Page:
In the end, generating great content is more art than science. However, having a plan is better than having none at all.

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About Sean Patrick Hazlett

Conservative clean energy crusader, national security hawk, financial analyst, engineer, and former military officer.
This entry was posted in Blogging, Business, Education, Mathematics, Media, Predictions, Thurston and Talbot, Writing and tagged , , , , , , , , , , . Bookmark the permalink.

14 Responses to Generate Unique and Interesting Content: Ten Lessons From Four Months of Blogging (Part X)

  1. pino says:

    Ten Lessons From Four Months of Blogging (Part X)

    Great series!

    Curious, how did this series rate on a hit per post value?

    • Pino,

      I ‘ll do a more detailed rundown when I get home, but I would say the lifetime average of each post is about 20 to 25. Not terrible, but not great.

    • Man can I estimate….

      The average for the 9 I’ve published thus far is 27.2 hits per post (32.8 if you include syndicated views). The most successful one was the first post with 74 total hits (80 including syndicated views).

      That said, the good thing about this series is that it is evergreen. People can read it any time, yet the principles will be similar.

      That said, the fact that it is on a conservative website may deter plenty of people who might otherwise benefit from the material.

      • pino says:

        That said, the fact that it is on a conservative website may deter plenty of people who might otherwise benefit from the material.

        I go back and forth on the slant of the conservative site thing.
        There are periods where I try to present facts and then point out the conservative implications; Your “arms dealer” if you will. Then there are times when I engage in snark and mocking of liberals. I’m not sure which works better in general, but I think that in terms of the community we are “linked in with”; Moe, Bruce, Poison guys, Scott and Vern, the snark and mocking plays poorly. Which makes sense I think, this group of bloggers strikes me as awfully competent.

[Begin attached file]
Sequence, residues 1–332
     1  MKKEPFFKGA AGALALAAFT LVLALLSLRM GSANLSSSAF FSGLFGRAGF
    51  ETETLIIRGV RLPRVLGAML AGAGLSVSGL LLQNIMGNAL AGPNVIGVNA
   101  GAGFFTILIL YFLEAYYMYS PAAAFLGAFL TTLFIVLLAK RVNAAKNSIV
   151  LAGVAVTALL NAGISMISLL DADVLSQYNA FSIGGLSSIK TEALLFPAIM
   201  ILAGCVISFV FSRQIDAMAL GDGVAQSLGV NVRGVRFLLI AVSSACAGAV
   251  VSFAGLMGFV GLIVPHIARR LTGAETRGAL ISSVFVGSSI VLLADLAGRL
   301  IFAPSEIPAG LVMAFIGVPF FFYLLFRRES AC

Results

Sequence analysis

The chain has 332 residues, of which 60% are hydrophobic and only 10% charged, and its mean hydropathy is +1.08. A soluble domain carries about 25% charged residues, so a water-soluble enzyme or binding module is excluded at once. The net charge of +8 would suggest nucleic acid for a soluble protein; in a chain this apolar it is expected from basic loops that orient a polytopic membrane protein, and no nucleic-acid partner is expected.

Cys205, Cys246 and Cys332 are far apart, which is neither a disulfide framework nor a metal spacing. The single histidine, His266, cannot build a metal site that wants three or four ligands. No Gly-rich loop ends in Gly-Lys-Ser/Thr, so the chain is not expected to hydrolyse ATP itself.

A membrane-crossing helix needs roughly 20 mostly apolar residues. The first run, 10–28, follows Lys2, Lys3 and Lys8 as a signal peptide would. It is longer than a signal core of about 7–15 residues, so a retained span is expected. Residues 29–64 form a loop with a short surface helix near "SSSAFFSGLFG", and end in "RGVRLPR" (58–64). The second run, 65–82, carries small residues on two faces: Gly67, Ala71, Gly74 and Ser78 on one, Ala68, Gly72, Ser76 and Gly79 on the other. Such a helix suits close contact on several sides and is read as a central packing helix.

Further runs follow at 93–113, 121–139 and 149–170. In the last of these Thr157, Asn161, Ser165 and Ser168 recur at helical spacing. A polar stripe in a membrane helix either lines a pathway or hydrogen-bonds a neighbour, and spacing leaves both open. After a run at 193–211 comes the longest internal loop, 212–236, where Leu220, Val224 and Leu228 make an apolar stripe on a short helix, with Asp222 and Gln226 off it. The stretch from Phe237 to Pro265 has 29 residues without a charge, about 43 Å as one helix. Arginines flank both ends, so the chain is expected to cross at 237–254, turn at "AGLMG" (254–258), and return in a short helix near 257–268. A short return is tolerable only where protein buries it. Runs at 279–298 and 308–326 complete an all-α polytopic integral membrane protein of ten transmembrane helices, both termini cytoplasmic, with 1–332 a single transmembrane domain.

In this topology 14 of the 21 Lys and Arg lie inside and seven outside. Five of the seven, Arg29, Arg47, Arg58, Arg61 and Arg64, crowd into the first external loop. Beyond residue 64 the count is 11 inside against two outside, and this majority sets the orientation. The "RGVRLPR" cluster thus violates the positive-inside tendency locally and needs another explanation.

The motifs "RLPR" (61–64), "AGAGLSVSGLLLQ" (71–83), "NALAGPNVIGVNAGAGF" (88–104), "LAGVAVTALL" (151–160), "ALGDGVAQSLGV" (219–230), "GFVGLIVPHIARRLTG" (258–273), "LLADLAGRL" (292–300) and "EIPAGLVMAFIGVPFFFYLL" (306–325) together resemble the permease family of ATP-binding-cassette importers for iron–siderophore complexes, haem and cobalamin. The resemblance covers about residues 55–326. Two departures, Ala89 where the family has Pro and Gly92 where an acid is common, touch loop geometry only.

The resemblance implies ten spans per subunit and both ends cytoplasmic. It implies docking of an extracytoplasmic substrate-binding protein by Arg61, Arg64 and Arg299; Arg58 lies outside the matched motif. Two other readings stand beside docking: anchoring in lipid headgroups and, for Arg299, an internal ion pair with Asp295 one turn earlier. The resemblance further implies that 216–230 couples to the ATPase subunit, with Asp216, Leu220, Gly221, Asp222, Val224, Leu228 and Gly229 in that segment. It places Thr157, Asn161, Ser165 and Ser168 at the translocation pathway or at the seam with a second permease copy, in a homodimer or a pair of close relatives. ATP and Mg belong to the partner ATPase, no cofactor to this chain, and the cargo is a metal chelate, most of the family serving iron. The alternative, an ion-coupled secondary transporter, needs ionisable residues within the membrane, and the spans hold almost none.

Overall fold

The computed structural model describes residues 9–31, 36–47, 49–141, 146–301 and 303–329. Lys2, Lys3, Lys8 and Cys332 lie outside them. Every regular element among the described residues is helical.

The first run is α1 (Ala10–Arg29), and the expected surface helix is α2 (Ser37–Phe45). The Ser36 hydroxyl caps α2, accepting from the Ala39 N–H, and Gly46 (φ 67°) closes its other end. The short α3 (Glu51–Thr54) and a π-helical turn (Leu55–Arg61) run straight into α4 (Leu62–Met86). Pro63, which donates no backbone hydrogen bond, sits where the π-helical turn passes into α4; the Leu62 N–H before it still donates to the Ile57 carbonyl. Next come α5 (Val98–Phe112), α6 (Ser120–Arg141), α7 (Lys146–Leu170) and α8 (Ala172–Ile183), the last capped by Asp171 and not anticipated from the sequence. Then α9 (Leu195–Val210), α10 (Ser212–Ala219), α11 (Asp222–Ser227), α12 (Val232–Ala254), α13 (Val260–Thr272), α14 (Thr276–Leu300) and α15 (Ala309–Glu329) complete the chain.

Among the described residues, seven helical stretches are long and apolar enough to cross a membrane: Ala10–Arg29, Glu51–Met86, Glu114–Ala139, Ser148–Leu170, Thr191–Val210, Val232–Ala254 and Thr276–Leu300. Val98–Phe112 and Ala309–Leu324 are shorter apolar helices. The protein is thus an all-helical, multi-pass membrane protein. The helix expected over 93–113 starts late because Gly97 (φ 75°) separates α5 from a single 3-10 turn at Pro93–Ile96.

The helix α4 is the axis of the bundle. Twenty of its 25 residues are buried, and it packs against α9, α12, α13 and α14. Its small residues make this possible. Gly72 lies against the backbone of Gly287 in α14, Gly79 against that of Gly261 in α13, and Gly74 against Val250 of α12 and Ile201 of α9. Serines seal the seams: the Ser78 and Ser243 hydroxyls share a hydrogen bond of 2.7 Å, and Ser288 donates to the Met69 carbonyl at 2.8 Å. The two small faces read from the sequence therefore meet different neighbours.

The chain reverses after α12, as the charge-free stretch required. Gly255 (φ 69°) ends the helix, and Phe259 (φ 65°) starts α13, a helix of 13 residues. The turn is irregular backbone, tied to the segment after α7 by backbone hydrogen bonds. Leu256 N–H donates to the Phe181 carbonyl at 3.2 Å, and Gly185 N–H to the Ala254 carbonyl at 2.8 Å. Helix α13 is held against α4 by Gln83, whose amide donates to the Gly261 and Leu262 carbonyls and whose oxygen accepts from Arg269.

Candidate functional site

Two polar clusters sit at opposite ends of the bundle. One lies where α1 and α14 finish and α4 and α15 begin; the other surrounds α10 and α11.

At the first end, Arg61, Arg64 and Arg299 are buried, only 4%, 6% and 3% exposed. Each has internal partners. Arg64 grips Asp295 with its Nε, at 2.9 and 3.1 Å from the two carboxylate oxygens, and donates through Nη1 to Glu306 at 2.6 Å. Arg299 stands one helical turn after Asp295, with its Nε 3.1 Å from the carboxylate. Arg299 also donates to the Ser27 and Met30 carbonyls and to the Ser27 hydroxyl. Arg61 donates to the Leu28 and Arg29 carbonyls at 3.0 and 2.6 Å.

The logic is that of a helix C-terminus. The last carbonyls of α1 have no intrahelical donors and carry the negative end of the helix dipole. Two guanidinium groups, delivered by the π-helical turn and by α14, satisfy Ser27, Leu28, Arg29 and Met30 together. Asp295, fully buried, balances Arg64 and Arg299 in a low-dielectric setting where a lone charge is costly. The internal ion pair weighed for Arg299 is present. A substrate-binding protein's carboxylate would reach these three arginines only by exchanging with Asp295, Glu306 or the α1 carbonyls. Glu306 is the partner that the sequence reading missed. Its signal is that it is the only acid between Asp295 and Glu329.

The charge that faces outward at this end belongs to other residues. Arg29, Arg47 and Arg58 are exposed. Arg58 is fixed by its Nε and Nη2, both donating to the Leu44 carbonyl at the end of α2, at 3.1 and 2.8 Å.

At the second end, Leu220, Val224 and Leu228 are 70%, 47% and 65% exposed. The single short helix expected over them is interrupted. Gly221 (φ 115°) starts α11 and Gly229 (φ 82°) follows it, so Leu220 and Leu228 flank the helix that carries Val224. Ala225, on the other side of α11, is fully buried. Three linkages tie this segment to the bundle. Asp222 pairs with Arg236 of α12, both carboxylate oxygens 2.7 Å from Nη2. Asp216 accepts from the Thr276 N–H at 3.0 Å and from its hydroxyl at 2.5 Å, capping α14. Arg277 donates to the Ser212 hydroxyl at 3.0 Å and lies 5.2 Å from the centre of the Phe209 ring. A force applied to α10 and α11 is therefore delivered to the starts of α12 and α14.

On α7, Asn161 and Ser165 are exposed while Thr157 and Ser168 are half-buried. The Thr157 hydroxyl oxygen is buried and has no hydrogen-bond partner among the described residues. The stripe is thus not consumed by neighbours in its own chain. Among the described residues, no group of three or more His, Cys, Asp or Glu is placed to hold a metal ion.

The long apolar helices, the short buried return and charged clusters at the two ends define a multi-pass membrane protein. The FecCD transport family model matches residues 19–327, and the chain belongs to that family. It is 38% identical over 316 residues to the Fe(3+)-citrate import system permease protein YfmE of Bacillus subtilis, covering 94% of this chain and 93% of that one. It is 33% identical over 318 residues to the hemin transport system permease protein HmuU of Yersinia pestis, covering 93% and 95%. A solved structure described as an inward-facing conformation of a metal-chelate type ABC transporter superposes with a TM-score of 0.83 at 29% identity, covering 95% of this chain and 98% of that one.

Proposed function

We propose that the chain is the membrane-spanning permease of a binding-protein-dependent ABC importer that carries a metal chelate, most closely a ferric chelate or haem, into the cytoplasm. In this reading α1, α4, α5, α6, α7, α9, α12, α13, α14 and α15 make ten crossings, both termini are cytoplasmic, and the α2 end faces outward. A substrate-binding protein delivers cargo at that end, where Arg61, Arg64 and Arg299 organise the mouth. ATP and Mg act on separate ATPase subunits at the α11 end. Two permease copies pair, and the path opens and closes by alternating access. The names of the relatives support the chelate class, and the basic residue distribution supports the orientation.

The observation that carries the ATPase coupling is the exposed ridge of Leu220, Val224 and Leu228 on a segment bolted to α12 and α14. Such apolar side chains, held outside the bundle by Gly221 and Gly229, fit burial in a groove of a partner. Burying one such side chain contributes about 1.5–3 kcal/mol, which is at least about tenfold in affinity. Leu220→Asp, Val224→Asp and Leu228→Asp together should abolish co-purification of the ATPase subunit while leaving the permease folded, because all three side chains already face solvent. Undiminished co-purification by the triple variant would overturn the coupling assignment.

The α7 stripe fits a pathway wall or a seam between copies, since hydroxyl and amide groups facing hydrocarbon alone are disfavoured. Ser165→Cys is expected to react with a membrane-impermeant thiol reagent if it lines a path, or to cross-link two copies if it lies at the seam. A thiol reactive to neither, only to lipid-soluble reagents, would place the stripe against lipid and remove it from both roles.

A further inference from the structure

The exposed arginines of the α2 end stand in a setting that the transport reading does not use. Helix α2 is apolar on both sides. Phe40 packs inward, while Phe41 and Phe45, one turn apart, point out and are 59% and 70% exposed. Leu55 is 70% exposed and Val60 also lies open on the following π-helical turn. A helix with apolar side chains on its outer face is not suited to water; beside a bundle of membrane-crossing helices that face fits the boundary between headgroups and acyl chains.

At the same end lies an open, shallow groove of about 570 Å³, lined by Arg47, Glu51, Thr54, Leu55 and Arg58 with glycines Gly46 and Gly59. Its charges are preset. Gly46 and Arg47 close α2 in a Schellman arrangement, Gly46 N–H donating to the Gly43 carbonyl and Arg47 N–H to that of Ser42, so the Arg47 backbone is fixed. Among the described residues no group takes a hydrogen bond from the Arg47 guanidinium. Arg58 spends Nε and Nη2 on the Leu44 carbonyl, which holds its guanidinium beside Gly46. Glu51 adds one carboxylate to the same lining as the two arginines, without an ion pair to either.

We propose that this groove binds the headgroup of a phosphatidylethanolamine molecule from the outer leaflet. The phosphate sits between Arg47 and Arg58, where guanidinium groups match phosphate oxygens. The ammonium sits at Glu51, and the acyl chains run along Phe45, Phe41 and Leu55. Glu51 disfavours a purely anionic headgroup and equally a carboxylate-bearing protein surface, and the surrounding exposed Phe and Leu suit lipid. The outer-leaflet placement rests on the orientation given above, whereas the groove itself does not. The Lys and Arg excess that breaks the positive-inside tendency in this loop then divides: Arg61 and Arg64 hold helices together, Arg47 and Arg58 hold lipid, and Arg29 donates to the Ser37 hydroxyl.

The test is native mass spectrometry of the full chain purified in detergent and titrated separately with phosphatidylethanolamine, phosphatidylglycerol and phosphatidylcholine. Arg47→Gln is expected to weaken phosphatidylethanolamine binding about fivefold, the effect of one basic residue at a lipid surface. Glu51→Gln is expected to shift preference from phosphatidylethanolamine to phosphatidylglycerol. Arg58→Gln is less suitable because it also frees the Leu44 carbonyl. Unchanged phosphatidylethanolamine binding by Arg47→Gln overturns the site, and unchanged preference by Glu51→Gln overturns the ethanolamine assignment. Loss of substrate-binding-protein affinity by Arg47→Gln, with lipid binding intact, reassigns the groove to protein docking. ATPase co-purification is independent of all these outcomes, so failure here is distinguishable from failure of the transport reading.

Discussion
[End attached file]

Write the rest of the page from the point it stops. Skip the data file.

Anyway, now that the series is complete, i think the biggest method to drive traffic is to e relentless in expanding a vibrant community. Comment often on other blogger’s sites and try to add 1-2 quality blogs to that community a month.

        • pino says:

          By the way, Ben is a great example of “snark” that works.

          If you wanna another, check out writechic.wordpress.com/

        • The series is not over yet. There are two more posts in the pipeline. The one on building a community (which I think is the last one), talks about the point you just made, among other things.

          I only employ snark when I know my position is 100% unassailable (which isn’t very often). I also save a lot of these sorts of posts for the Breitbart site as the audience there seems to crave more black and white, right and wrong. Therefore, the ridiculous union lawsuit against Boeing was fair game as was Obama’s hypocrisy on Libya vs. Iraq.

        • pino says:

          The series is not over yet. There are two more posts in the pipeline. The one on building a community (which I think is the last one), talks about the point you just made, among other things.

          Sorry; thought it was 10. Delete my spoiler if you wanna; no harm here.

        • Actually, I mispoke. There is only one more left and there is enough in there so that your comment does not spoil it. 😉